Yacubi’s tale – The Eighth Imam series

abbasidsIt is mentioned by various historians, Both of Shia and Sunni schools of thought, that when Mamun initially offered the Imam his throne, the Imam declined the offer firmly and resolutely. After several attempts to bring the Imam to accept the offer failed, Mamun told him to accept the offer of being his heir- apparent to succeed him after Mamun’s death.

Imam replied to this offer, “I will accept this to console you, but this will never happen for I will leave this world before you.” Once Mamun achieved his desire to get the consent of the Imam as his successor, he declared this openly to all in order to see the reaction of the Abbasid clan who were favoring his half-brother Amin.

It was on the 27th of Ramadan, in the year 201 Hijri that the Imam was officially designated as Mamun’s “heir- apparent,” and the Imam’s name was included with his own on gold and silver coins. The inscription on these coins is well worthy of notice: “The King of God and the faith, Al Mamun, Amir and Khalifa of the faithful, and Al Ridha’, the Imam of the Muslims.”

This meant more than that the Imam was to be official chaplain to him for Mamun summoned the descendants of Abbas, men and women to come to Merv. It was an assembly of thirty three thousand and when they all assembled, the caliph Mamun called for Ali Al Ridha’ (AS) and gave him a place of honour among the greatest of the Abbasid nobles.

He then announced to those he had summoned, that he had carefully considered all the descendants of Abbas and also the descendants of ‘Ali, and that he had not found in his search anyone more worthy or more fit to be his successor than Ali Al- Ridha.

He therefore took him by the hand and publicly acknowledged him as his successor(Kulaini). He then gave his daughter Umme Habib in marriage. He also sent abroad the command that the wearing of black flags which was the symbol of Abbasid rule after the destruction of the Ummayads, should be discontinued and that hereafter the use of green should be substituted. Green being the color of Ahlul Bayt and the House of ‘Ali (as) was the order of the day.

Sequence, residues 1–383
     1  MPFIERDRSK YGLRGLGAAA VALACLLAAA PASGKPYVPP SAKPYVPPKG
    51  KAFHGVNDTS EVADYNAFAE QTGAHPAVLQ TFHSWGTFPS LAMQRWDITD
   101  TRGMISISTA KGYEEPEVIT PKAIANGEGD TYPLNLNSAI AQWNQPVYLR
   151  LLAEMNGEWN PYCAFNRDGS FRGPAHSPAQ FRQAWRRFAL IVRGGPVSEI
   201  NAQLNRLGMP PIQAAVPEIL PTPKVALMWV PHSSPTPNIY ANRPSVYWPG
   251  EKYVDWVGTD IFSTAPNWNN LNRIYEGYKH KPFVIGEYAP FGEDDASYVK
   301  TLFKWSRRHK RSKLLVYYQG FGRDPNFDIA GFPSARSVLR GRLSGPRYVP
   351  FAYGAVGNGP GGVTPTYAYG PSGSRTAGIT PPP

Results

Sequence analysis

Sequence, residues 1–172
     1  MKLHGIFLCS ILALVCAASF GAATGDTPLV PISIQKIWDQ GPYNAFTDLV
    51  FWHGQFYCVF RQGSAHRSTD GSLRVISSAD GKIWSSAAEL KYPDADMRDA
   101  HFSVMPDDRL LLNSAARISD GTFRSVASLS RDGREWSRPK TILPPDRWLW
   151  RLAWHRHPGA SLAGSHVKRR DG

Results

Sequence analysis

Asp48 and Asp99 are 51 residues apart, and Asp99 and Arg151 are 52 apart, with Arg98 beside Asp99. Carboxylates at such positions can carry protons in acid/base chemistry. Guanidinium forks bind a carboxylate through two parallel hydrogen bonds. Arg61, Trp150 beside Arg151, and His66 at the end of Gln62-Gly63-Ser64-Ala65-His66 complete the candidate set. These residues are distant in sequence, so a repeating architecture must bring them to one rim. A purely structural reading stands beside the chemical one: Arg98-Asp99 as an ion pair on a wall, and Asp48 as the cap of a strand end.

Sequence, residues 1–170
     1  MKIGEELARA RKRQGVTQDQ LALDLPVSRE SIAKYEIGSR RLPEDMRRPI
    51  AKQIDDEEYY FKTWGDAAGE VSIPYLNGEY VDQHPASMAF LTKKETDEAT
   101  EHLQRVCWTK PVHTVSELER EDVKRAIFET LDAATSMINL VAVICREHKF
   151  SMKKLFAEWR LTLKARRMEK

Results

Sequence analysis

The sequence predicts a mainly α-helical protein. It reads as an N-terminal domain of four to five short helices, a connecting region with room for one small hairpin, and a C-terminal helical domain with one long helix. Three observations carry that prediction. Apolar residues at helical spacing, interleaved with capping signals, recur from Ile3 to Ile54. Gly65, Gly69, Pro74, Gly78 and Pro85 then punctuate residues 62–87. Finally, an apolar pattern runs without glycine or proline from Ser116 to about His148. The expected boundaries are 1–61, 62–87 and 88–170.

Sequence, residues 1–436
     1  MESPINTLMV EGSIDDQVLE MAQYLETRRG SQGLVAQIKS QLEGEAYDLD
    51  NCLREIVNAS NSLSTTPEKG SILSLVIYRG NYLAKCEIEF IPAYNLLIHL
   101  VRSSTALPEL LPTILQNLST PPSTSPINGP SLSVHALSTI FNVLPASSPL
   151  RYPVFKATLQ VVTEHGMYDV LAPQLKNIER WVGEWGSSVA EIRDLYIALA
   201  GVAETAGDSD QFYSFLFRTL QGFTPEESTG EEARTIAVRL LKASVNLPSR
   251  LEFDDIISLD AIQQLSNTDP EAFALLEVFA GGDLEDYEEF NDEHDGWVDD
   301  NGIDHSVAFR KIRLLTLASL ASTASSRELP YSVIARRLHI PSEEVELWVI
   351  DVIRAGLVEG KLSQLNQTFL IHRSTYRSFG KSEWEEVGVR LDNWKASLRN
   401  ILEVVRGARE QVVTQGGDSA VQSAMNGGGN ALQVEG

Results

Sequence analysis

Once this story of succession was announced Mamun’s political ambition was achieved. He secured the help of the Persians fully behind him. With their help his army invaded the capital of the Abbasid empire, Baghdad, Amin was killed and his head was sent to Mamun to see for himself that he had become the sole ruler of the Abbasid Empire.

But Mamun was still not secure on his throne. The Arab party who sided with Amin, never liked the appointment of Imam ‘Ali al- Ridha’ (as) as the successor of Mamun, no matter how dubious it looked to them on the face of it.

The chiefs of the Abbasid family in Iraq perceived that by this appointment the principal authority in the empire would very likely be taken from them. They got together, therefore, and proclaimed that for bequeathing the Caliphate after his death to the Imam ‘Ali Al-Ridha’ (as), who was not their immediate family, Mamun himself was declared deposed.

They swore allegiance to Ibrahim al Mehdi, Mamun’s uncle as their new caliph. This proclamation took place on the 5th of Muharram 202 Hijri.

While Imam Ridha’ was with Mamun in Merv, his Prime Minister Fadl ibn Sahl arranged a conference on religions to which he invited the leaders of different sects, including Zoroastrians and Christians and Jews, that they might hear what the Imam of the Ahlul Bayt had to say to impress them of their spiritual abilities and excellences.

It was in these discussions with leaders of other faiths that the Imam clarified the position of sinlessness of the Prophets and of the guided Imams. These conferences were so successful that at one stage Mamun was fearful of the increasing influences of the Imam on the people as a whole.